Advocates of cultural appropriation — including at least one writer at the New York Times — see the act as a benevolent, inspiring exploration of delicious foods, unique music and warm fuzzies. Its opponents find it problematic at best, and infuriating and insulting at worst.
But lost in these ubiquitous debates is what actually angers marginalized people: the hypocrisy inherent in the “exchange,” as it is currently practiced, rather than the appropriative act itself. Where people in the majority culture see harmless cross-pollination, many communities see outrageous double standards. Our cultures and traditions — and often our skin color, physical appearance and language — are the source of our continuing marginalization, but white majority culture will occasionally take one aspect of those traditions and decide it’s “cool” to them in a certain moment.
By randomly elevating disparate aspects of our wardrobes or cuisines but not respecting the people who created all of it in the first place, appropriators are saying they’ll choose how to engage with our culture without having to also recognize our humanity. For actual cultural exchange or cross-pollination to occur, instead of simple appropriation, we’d have to be treated with the same interest or reverence given to the objects deemed “cool” enough to steal or commodify.
Cultural appropriation, then, is any situation where my celebration of my heritage or simple practice of my culture is unseemly — but someone else doing the same thing broadly indicates that they’re open-minded and unique.
It is telling my mother to “go back” to where she came from because she wears a sari, and then inviting yourself to an Indian wedding so you can capture photos of your henna tattoos and colorful borrowed outfits for Instagram. (Yes, that’s happened.) It’s complaining that a coworker’s food stinks, then bragging months later about discovering a hot new ethnic restaurant that serves the same dish. It’s the neighbor who barged in during my family’s puja to complain about the noise, interrupting the sacred and ruining the event, but walking around in a T-shirt that says, “Namaste, Bitches!” and regularly humming “Om” at a yoga studio that preaches tolerance. (She, apparently, can mispronounce Sanskrit words while stretching but is bothered when we have a priest bless our home with those exact sounds.)
Cherrypicking aspects of South Asian culture while denying actual Desi people the right to practice their faith is one height of cultural appropriation. But these sorts of incidents prove to marginalized people, over and over again, that the act of cultural appropriation is not about forging connections between white majority culture and the cultures of marginalized people — it’s about the ego of the consumer who is greedily picking through other cultures for something to set them apart and signal they are worthy and worldly.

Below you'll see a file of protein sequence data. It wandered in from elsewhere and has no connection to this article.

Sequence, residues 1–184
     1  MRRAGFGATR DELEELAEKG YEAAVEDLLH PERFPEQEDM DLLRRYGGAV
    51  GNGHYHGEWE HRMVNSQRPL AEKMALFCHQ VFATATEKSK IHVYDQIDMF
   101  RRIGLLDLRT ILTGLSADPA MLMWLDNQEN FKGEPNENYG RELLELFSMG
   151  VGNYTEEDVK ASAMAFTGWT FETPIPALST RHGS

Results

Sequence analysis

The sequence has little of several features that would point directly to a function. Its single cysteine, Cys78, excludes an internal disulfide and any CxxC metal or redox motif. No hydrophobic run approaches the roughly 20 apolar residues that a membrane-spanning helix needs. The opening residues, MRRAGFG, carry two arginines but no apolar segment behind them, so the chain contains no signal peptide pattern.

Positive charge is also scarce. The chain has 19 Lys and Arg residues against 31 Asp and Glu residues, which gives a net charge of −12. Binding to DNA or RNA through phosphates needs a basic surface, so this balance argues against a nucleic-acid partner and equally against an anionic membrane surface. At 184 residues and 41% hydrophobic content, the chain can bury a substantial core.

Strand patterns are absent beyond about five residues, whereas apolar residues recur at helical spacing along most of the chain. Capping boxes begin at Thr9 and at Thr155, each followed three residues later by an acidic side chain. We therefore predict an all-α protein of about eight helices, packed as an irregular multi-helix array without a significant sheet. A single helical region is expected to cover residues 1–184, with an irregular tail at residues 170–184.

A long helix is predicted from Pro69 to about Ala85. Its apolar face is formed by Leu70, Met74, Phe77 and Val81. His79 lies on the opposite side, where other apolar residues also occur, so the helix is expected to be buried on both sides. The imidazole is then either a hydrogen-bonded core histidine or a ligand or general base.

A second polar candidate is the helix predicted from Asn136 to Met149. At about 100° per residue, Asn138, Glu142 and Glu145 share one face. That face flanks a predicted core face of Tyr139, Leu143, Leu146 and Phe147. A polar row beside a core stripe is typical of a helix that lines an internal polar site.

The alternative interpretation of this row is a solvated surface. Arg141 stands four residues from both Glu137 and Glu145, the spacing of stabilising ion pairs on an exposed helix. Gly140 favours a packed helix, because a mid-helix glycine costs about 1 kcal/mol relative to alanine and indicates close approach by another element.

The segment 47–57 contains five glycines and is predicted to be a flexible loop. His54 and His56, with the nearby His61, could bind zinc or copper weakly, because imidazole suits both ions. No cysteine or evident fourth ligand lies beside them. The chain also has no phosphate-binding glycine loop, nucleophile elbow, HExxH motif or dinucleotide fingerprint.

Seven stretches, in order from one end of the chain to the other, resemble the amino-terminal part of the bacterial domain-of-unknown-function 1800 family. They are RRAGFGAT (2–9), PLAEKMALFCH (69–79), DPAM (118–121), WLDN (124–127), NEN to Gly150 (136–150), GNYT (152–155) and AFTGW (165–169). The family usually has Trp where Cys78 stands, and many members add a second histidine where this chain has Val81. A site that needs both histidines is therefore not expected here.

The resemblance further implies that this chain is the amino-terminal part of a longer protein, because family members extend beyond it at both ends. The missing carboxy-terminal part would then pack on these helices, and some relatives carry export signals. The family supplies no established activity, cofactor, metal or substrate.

And while oblivious white people are often guilty of this appalling behavior because they’re the ones with the power to exclude us, some of pop culture’s multi-ethnic, problematic favorites are guilty, too. The best part of those situations is naming the appropriation and inevitably hearing their fans respond with some version of, ”You’re just jealous they’re doing your culture better than you.”
Please. No flexible white girl in $100 yoga pants or pop star in a lehenga is doing my culture better than me, a person who was born and raised in it and who can’t escape it just by changing my clothes. My traditional attire is not a costume for other people to use to alleviate ennui before discarding it as passé. Wearing a bindi to a music festival is not cute when brown women are targeted for assault because they wear them.
You get to be “different” when appropriating our culture. We get targets on our backs for practicing it in the first place, because bindis and Indian clothes aren’t “cool” unless white people are experimenting with them for Bollywood-themed parties or Coachella.
Defenders of cultural appropriation seemingly like to call us gatekeepers and criticize us for being so selfish with our turmeric and silks. But what they don’t understand is that if any of my actual non-Desi friends were interested in wearing a sari, I would be the first to tie one on them because my friends are decent people. They are sincere and kind. They would never insult my heritage, be aggressively ignorant about it or discriminate against immigrants.
Demanding an end to cultural appropriation is not — and never has been —about desiring segregation between cultures, though proponents of appropriation make that erroneous claim, too. If anything, our annoyance and anger comes precisely from the fact we are never allowed to fully participate in majority culture when we hew to our traditional clothes, food, music and cultural practices. We are always too foreign, too different, too “other.”
Why are aspects of our heritage only acceptable when white people use (or worse, misuse) them? That is the core of the critique of cultural appropriation: It’s not about “ownership” or hoarding good things from others, but about why we aren’t regarded as good enough when those things are later seen as signifiers of cool to majority culture — yet still aren’t read as “cool” on our skin, on our tables or in our temples.
We’re not petty; we’re sick of hypocritical consumption that reminds us we are still powerless and unwanted. We are ostracized for being ethnic and then forced to watch the looting of our traditions when majority culture changes its opinion about some aspect of our lives. That is why it’s called appropriation, not simply cultural engagement.